“We do like each other!” North exclaimed. And they do. They’ve know each other since they were on a kindergarten basketball team together, the Pandas, as long-time readers may recall. (Zoë was only on the team that first season, but North was a Panda through fifth grade and the team went on to play for three more years.) North and Zoë became good friends after attending basketball camp together the summer they were six and they’ve been best friends since sixth grade. While we sat by the fire, they reminisced about the Spanish immersion trip they took to Colombia the spring of seventh grade and talked about which classes they like this year and which ones they don’t like and what they will take next year in tenth grade. A (mostly fond) conversation about the mother of a mutual friend left me wondering if North’s friends ever talk about me, and if so, what they say.

If they do, they probably say that I am very strict about what movies and television North can watch. North mentioned that when they turn fifteen they can watch some carefully selected R-rated movies and Zoë said they watched Spinal Tap when they were ten, but she didn’t understand it. I said Noah’s first R-rated movie was probably something he watched for school because he was assigned to watch a lot of movies when he was in a communications magnet in high school and he said, yes, it was The Matrix, which he watched in ninth grade. North went on to list their first PG-13 movie, School of Rock, which I let them watch when they were eleven because they were acting in the play (they had to wait two years to watch any others), and their first PG movie, which was Frozen, which they had to wait to see for several months after it came out because they weren’t eight yet, even though all their friends had already seen it. I think this kind of deprivation helps build character or perhaps it will fuel their art when they return to acting.

Tuesday Morning: Caramel Macchiato

Three days later, North turned fifteen. They dressed for the occasion in a lavender long-sleeved t-shirt and a short gray jumper, both of which are hand-me-downs from me. I recently let them shop my closet because I have a lot of clothes I don’t wear anymore, but it’s still startling to see them in those clothes, especially the jumper, which I mostly wore during the Clinton administration. It drives it home how much closer they are to being in their twenties than I am.

In between their sculpture and biology classes, we walked to Starbucks so they could claim their birthday reward. They had their first cup of coffee, another new fifteen-year-old privilege. They got a caramel macchiato and a doughnut. I had a latte and a birthday cake pop because I can be literal like that. On the walk there we talked about past birthdays, when they were two and had an Easter birthday (which they say they remember), when they were five and the birthday theme was butterflies and birds and we took their birthday party guests on a birdwatching walk, and their first slumber party, when they were eight. They said wistfully that they hope to have another slumber party someday.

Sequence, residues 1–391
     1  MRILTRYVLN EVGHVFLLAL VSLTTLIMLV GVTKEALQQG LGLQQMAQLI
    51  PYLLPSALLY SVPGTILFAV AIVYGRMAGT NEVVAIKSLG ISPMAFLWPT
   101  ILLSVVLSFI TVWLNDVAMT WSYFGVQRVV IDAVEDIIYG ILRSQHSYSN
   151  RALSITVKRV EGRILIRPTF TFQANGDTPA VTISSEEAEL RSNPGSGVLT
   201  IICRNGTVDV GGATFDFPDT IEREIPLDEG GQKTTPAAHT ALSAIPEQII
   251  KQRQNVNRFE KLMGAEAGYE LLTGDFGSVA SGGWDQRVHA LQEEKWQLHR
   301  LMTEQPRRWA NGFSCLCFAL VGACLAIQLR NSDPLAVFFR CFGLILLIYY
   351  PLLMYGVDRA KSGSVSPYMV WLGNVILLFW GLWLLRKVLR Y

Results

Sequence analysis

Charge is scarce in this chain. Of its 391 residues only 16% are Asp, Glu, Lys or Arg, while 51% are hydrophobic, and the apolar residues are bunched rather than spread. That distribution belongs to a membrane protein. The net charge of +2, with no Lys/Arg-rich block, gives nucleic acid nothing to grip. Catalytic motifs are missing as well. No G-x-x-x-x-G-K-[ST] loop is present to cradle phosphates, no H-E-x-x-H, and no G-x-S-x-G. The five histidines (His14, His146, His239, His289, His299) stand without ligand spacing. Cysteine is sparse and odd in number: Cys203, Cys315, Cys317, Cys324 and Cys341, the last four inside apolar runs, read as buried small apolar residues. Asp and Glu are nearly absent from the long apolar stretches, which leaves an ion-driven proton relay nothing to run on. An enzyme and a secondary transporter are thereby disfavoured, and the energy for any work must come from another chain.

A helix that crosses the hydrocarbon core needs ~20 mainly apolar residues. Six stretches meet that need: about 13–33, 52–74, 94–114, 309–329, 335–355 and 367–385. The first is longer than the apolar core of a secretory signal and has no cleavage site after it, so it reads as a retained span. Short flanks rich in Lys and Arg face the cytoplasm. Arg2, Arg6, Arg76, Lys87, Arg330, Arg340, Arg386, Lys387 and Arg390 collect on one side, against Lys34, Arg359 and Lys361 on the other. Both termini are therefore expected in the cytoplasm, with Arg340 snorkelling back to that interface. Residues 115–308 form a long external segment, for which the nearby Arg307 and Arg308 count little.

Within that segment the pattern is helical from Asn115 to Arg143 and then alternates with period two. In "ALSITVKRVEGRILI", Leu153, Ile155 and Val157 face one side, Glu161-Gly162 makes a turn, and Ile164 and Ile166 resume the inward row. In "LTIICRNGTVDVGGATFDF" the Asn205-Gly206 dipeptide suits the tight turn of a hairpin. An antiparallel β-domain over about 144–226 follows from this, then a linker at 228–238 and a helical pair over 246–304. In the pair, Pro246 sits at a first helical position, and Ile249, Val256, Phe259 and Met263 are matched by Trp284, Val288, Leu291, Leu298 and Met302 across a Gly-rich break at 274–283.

Tuesday Afternoon and Evening: Cake

After school, Zoë, Miles, and Maddie came over for cake. It was another warm and sunny day, which was a stroke of luck as the weather can be iffy this time of year. The guests arrived at three and around three-thirty, Beth, Noah, and I joined them in the back yard for cake, ice cream, and lemonade. The cake was strawberry with strawberry-cream cheese frosting and as I was setting out plates, forks, glasses, etc., Zoë was talking up Beth’s cake, saying she always makes good cakes for North’s birthdays. I guess she’d know, having been to all of North’s birthday parties since first grade. While they ate the cake, North and their guests reminisced about Rainbow Alliance at the middle school North and Zoë used to attend and Miles and Maddie still do (well, virtually). They were all members and it’s where they became a friend group. After we’d finished our cake, the mothers and brother went back inside.

I made a tater tot-topped vegetarian chicken casserole for dinner, because it’s a favorite of North’s. They opened presents after dinner. They’d already received money from both grandmothers. First they opened a set of scented candles from one of their friends: lavender, fig, lemon, and spring. Noah wanted to know if that last one smelled like asparagus, but North said it was floral. Next they opened a graphic novel from my sister and chocolate frogs from Noah, which he got because North liked the ones they got for Valentine’s Day (they come with Harry Potter character trading cards), a tie-dyed t-shirt in rainbow stripes, some red-and-white striped summer pajamas, and a rose and black modest bathing suit from me and Beth. But the big hit was a membership to the Donor Sibling Registry, which they can use to locate and contact half-siblings from their donor. This is something they’ve been wanting to do for a while. That evening the kids had seconds on cake while we watched the first hour of Boy Erased, North’s first rated-R movie. We’ll try to finish it sometime this week.

After two low-key birthdays, North says for their sixteenth birthday they want to “go all out.” I’m not sure what that means, but I guess we have a year to find out. Still, there was plenty of sweetness in this one and not just the sugary treats.